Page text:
Friday Fifteen with Friends: Greg Dickerson
Published: June 24th, 2016
Every once in awhile, an artist stirs me with a new language, perspective, or vision. Minneapolis artist Greg Dickerson does just that with his intuitive and energetic artwork. His mix of color, materials and form is remarkably creative and bold. Greg’s got an upcoming show at the Matthew Rachman Gallery on July 15th, a fundraiser for Chicago House. Check it out. In the meantime, he more than qualifies as this week’s subject of our Friday 15 with Friends. Thanks, Greg!
Name: Greg Dickerson
Best known for: Using tactile materials combined with paint on both canvas and wood panels. His vision is realized by working with the idea that immediacy allows for the conceptual process between elements and materials to interact. His work is best known for its’ playful abstraction and his exploration of color and form. www.gregdickersonstudio.com
Antique or modern? A mixture of both. I like to mix heirlooms and newer pieces for a more eclectic vibe.
What has inspired or informed your interior style? I think the most important thing about style is being comfortable LIVING in the space. My mother was a collector of art and crafts and displayed everything. So spaces were more put together than designed. My house is that way now.
Which colors do you use most? In my professional work I tend to use colors that don’t work together in a traditional sense. I like mixing institutional colors with a vibrant palette using that relationship to make a statement.
Favorite materials or textures? Beyond traditional painting materials I integrate fabrics, which I inherited from my Grandmother’s sewing room into my work- ginghams, plaids, stripes, quilted material, upholstery and even forgotten scraps.
How do you make your home double as a work space? At my home I have a converted barn, which houses my studio and a wood shop. I enjoy the separation of the two spaces with the convenience of location. This separation allows me the ritual of ‘going to my studio’ to switch gears from home life to creative life.
What household item could you not live without? My grill. I love to grill food in any season and almost everyday.
Which design website, TV show, or magazine would you be lost without? For me its not just about design magazines but popular culture magazines. Music magazines are an inspiration for sure- Mojo, Pitchfork and for design I love Wallpaper*.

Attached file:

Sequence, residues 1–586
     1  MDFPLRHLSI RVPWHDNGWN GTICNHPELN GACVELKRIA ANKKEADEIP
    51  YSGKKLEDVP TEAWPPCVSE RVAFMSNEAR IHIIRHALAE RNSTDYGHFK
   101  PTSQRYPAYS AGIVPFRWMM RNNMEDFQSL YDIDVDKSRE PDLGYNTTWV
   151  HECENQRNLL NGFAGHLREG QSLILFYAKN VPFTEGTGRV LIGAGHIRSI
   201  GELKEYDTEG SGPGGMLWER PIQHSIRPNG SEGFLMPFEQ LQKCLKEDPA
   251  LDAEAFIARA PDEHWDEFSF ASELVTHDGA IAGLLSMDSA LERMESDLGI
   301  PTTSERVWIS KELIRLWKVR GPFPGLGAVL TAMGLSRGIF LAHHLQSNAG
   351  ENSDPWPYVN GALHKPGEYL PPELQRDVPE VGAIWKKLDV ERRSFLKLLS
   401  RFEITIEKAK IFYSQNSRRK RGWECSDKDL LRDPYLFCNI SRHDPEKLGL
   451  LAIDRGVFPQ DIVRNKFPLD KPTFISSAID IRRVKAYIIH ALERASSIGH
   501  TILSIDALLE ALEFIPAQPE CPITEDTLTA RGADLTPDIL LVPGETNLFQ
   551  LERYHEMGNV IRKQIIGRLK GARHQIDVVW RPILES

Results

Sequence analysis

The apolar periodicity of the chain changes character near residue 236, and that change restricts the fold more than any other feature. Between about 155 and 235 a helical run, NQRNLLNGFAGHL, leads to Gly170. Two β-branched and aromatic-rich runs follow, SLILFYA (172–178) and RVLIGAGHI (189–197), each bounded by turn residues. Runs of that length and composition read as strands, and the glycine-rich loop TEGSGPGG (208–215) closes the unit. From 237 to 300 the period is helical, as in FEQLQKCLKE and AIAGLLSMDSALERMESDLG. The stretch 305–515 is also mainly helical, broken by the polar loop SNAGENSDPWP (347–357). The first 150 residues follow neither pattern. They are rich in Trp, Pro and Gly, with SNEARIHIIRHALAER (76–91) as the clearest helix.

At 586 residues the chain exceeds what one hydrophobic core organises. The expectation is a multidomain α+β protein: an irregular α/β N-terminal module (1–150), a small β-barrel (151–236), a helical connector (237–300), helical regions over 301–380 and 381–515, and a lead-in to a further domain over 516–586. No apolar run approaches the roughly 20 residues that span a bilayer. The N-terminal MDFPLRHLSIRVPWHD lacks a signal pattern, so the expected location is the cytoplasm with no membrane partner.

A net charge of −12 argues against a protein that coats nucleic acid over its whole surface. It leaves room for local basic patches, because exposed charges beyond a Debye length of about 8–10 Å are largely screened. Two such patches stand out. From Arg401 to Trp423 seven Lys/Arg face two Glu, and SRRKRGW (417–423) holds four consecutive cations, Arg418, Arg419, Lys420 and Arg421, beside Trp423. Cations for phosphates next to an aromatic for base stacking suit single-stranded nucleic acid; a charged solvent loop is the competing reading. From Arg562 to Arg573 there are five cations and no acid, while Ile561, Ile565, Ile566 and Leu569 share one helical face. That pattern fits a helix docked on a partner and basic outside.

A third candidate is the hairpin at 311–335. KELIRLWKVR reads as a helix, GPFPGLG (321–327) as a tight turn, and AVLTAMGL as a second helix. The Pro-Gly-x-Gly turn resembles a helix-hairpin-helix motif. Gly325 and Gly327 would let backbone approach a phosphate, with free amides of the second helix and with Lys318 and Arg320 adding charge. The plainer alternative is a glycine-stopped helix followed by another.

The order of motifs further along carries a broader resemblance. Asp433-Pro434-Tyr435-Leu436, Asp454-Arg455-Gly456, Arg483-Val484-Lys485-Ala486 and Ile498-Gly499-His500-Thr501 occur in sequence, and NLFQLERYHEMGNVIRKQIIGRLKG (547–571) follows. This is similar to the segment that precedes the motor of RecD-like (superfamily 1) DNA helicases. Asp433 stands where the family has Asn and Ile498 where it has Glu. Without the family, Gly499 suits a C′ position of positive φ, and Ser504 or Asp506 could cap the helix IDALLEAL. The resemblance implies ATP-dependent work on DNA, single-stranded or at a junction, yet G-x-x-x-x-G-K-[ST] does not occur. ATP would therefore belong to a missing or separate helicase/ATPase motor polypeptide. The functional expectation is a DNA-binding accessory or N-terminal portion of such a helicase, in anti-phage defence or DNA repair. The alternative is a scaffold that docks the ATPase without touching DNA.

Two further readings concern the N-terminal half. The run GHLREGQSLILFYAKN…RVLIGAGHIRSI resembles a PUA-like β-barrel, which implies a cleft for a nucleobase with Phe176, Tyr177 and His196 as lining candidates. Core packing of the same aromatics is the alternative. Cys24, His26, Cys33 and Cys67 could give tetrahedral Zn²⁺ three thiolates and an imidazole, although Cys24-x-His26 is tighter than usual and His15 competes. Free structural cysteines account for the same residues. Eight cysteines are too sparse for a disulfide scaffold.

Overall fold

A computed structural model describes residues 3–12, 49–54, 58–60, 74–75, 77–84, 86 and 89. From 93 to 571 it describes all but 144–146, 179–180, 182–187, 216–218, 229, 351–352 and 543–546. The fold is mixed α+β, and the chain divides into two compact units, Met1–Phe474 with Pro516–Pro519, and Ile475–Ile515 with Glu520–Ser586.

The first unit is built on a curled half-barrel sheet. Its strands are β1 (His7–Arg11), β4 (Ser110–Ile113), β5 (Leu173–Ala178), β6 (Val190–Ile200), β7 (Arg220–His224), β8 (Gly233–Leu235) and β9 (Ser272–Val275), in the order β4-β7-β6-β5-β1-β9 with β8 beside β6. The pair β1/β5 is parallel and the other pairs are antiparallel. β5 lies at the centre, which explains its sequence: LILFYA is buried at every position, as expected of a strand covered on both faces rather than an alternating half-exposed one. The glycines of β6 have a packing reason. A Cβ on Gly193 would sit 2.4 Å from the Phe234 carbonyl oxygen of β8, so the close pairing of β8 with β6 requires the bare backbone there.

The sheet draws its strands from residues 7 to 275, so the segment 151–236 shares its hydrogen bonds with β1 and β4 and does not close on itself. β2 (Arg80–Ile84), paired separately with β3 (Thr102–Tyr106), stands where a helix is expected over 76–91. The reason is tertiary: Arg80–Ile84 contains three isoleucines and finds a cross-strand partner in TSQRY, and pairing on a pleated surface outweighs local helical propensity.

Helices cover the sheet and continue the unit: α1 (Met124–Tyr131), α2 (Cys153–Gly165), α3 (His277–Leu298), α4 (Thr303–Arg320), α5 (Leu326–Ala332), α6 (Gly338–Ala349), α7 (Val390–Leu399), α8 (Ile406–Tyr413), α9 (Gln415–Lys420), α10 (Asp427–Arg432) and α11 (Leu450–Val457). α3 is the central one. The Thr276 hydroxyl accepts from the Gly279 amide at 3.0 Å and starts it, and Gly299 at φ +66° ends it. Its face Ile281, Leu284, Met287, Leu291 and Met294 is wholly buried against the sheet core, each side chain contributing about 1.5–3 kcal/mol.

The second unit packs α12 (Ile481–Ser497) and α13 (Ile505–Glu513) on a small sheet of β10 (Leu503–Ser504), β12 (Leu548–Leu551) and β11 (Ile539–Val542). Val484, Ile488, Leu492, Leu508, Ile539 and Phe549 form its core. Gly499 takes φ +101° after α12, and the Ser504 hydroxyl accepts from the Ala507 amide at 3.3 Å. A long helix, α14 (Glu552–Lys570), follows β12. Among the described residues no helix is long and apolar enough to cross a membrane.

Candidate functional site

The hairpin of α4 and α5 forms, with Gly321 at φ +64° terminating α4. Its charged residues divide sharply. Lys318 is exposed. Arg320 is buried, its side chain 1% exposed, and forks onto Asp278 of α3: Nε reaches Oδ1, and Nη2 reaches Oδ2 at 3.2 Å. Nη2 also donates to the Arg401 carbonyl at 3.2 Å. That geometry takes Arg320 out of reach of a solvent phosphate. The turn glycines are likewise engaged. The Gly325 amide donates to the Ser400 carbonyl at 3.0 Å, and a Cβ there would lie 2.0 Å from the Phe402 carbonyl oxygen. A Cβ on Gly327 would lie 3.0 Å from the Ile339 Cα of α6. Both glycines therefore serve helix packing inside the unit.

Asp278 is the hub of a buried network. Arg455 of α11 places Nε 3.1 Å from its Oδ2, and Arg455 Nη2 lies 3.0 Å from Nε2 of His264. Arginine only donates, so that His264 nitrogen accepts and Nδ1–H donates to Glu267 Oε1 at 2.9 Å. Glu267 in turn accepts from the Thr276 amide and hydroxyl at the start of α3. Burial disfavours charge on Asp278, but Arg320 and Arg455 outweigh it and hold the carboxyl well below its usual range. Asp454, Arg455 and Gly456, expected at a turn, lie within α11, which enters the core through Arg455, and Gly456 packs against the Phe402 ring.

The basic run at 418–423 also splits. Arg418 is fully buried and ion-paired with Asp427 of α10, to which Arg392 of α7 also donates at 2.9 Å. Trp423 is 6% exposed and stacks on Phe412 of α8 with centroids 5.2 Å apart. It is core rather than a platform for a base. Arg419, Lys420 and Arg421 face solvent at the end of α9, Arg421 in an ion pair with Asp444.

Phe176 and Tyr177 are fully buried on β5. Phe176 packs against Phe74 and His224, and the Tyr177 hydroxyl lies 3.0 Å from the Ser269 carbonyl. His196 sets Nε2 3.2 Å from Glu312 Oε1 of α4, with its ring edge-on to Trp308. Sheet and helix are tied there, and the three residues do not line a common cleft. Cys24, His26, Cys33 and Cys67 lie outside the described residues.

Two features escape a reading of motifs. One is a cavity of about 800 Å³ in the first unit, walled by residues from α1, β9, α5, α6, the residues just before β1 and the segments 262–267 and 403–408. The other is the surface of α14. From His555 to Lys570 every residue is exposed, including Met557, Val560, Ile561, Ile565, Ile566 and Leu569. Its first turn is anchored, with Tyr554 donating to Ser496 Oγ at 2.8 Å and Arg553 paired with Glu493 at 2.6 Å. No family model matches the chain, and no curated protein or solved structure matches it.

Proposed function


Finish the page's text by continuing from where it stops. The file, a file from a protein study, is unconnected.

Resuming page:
Design rule you love to break? In my professional work I enjoy mixing drawing and painting. Not sure if that’s breaking a rule but I enjoy the combination of the two.
What is your favorite room in your home? The kitchen. It’s where everything happens, where everyone comes together and it’s always full of life.
What is your most treasured possession? There is no way to pick just one but if I had to narrow it down I would say a collection of Bombeck etchings that I have from my mother who started collecting them in the 1960’s.
What is your favorite thing about Chicago—design-related or otherwise? I like the combination of the old and new architecture in Chicago and the small pockets of neighborhoods have so much character.
To which city or country would you move for the design? Although I live here now I really have to say Minneapolis. I transplanted here 18 years ago from Cleveland. I’ve watched the city grow so much in that amount of time. Minneapolis is very conscious of integrating nature in its development, which I love. Converting railroad tracks to bike trails or the use of art in public spaces. There’s a real effort going on here to unite nature with the urban landscape.
How would you describe your style? My new work exudes a certain child like energy where institutional colors are paired with vibrant hues, graphic mark making and fabrics creating a juxtaposition between materials, color and form. The work is driven by intuitiveness and is created with mixed mediums- using fabrics I’ve inherited from my grandmother. Using fabric is about breaking borders where the fabric acts like a bucket of paint that is poured. In my larger-scaled works I isolate color and texture in smaller studies. I create a body of over 200 studies for any given show. The studies tell a story. One is a word, two a sentence, three a paragraph and so on until the story unfolds.